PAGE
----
The British government's Future Capability Group wants to identify future military requirements of unmanned ground vehicles through a series of trials.

  • SAAB wants to offer Gripen at half of Rafale cost, with full tech transfer, local production

    October 1, 2019 | International, Aerospace

    SAAB wants to offer Gripen at half of Rafale cost, with full tech transfer, local production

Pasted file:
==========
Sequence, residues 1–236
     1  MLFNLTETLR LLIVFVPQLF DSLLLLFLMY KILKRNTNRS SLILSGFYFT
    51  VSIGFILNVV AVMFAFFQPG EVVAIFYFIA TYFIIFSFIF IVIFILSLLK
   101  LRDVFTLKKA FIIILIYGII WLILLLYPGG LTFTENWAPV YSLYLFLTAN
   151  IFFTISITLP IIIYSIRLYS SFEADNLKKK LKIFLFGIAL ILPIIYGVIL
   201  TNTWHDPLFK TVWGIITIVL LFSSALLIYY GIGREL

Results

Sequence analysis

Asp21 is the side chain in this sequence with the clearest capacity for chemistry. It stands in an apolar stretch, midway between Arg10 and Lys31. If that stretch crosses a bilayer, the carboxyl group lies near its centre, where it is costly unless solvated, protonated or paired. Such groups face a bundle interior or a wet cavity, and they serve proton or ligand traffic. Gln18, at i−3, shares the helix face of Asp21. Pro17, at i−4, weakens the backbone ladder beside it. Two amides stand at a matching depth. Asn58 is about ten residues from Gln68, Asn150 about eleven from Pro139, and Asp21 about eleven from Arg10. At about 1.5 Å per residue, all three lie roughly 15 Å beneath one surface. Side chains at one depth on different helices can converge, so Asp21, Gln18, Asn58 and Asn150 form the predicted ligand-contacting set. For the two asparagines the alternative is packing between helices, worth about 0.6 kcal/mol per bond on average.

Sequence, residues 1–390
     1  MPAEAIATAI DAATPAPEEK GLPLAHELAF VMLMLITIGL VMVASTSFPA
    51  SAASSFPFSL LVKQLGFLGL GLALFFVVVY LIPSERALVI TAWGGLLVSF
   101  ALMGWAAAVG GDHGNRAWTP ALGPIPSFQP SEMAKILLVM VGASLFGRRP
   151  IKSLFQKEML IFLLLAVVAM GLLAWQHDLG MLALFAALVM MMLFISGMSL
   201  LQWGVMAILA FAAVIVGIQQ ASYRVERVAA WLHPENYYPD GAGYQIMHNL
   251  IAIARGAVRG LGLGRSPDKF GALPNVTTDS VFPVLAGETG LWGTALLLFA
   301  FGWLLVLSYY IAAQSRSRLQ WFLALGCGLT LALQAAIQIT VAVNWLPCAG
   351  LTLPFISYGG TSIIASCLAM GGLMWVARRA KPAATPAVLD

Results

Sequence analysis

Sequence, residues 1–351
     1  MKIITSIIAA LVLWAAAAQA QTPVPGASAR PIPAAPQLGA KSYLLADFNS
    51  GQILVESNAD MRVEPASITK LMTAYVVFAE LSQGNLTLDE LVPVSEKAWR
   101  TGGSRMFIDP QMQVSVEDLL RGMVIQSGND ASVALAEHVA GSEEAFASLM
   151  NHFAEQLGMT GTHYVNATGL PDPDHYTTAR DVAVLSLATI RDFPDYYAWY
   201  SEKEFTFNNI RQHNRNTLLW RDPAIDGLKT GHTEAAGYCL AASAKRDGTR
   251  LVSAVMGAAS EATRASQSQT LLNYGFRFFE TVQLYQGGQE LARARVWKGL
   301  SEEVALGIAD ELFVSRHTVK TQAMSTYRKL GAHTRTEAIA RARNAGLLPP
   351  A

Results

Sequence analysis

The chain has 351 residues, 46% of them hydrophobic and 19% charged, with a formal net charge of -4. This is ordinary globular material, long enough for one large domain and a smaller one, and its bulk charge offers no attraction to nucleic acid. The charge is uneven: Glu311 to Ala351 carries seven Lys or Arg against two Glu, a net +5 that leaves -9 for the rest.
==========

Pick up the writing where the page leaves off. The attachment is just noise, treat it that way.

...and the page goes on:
SNEHESH ALEX PHILIP  New Delhi: As India looks to acquire 114 new medium multi-role combat aircraft (MMRCA) to shore up its depleting strength, Swedish defence major SAAB has pitched for a complete Transfer of Technology (TOT) and local production of its Gripen fighter jet at “half” the cost of French alternative Rafale. SAAB India’s chairman and managing director (CMD) Ola Rignell made the cost claims in an interview to ThePrint, but added that he wouldn’t be surprised if India went in for additional 36 Rafale fighters in the coming years, circumventing the ongoing process to acquire new jets in larger numbers. “India bought 36 Rafale fighter jets from France off the shelf. SAAB and Brazil also signed a contract in 2015 for the sale and local manufacturing of 36 Gripen. The cost was half of what the value of the Indian deal was,” said Rignell, referring to Brazil’s $4.68 billion deal with SAAB to manufacture the Gripen locally. “We are setting up an entire aviation ecosystem in Brazil. And the experience and knowledge that Brazil is gaining from this manufacturing is being used by them to design their indigenous fighter aircraft,” the SAAB India CMD said. In 2012, EADS’s Eurofighter and Dassault Aviation’s Rafale had emerged as the winner of the 2007 MMRCA bid, with the latter being the lowest bidder. But the contract negotiations got stuck over prices. Three years later, the Modi government cancelled the protracted talks and decided to buy 36 Rafale fighters in fly-away condition in a €7.87 billion deal. Now, France is offering another 36 Rafale fighter jets in a government-to-government deal. But these numbers will not suffice in view of the Indian Air Force (IAF)’s MMRCA requirements. During the interview last week, Rignell spoke about what the company is offering to India, his expectations, and the issue surrounding its sales to Pakistan. ‘Gripen cheaper than Rafale’ Speaking to ThePrint, Ola Rignell highlighted the efficiency of SAAB’s single-engine multirole fighter aircraft vis-à-vis the Rafale, which is being called a game changer for the IAF in the region due to its weapons package. Gripen has the same weapons package as Rafale including the Meteor air-to-air missile, said Rignell. “All NATO (North Atlantic Treaty Organisation) missiles are integrated with the Gripen. The only one which is missing is SCALP because it is a French missile. But if India wants, we can integrate the SCALP also though Gripen already has a substitute,” said Rignell. He pointed out that European missile manufacturer MBDA, which makes both Meteor and SCALP, actually found Gripen as the most mature jet to test their missiles on. “MBDA ‘test beded’ the Meteor on a Gripen. They found the Gripen to be the most mature. Eighty per cent of Meteor firing tests took place from a Gripen,” he said. Rignell added that Gripen will always be cheaper in comparison to Rafale in life cycle costs as well because of its single-engine build. ‘Would not be surprised’ SAAB’s India chief said the defence major is offering the best deal to the country, but he won’t be surprised if India opted to buy another 36 Rafale jet from France. “I would not be surprised,” said Ola Rignell. But he noted that the additional 36 jets will not fulfill the IAF’s requirement. “The original 36 Rafale was bought when the IAF needed 126 MMRCA. Now there is an RFI (Request for Information) for 114 aircraft. Additional 36 Rafale would still not fulfill what the IAF actually not just wants but needs,” he said. India and France have already spoken about the latter’s proposal for 36 additional Rafale jets, but New Delhi hasn’t disclosed any information about such a move. No fresh deal with Pakistan While Saab is offering the Gripen fighters to India, it is also providing the early warning aircraft system to Pakistan — an issue that has upset the IAF. Pakistan used the SAAB-manufactured early warning aircraft system to coordinate its attack on an Indian military installation in Jammu and Kashmir a day after the Balakot strike earlier in February. During his visit to Sweden in June this year, Air Chief Marshal B.S. Dhanoa had expressed his displeasure with the defence major for supplying Pakistan with early warning systems and also offering Gripen fighters to India. New Delhi is of the view that it will be difficult to do business with a country that also arms the enemy. In a bid to pacify the IAF, Ola Rignell persisted that SAAB is not selling any new products to Pakistan. He also pointed out that every contender has dealt with Pakistan, and other assets were also used in the post-Balakot action. Pakistan had used French fighters Mirage as well American F-16s. However, Rignell remained non-committal on future sales to Pakistan, saying the Swedish government decides on such matters and not the company. “As far as I know, we are not selling any new products to that country (Pakistan). There is an old order and we are fulfilling our contract obligation,” Rignell said. The Pakistan Air Force had ordered three new SAAB 2000 early warning aircraft in 2017 to supplement the ones that were destroyed in a terror attack on Minhas air base five years before that. Rignell added that he was part of the meeting in Sweden when Dhanoa raised the issue and this is exactly what he had told him as well. “We are trying to sell the latest AWACS (Airborne Warning and Control System) — Golden Eye — to India. We have sold them to UAE. (But) India is already working on its indigenous systems,” he said. India operates the IL76 ‘Phalcon’ AWACS as well as the Embraer ‘Netra’ early warning aircraft.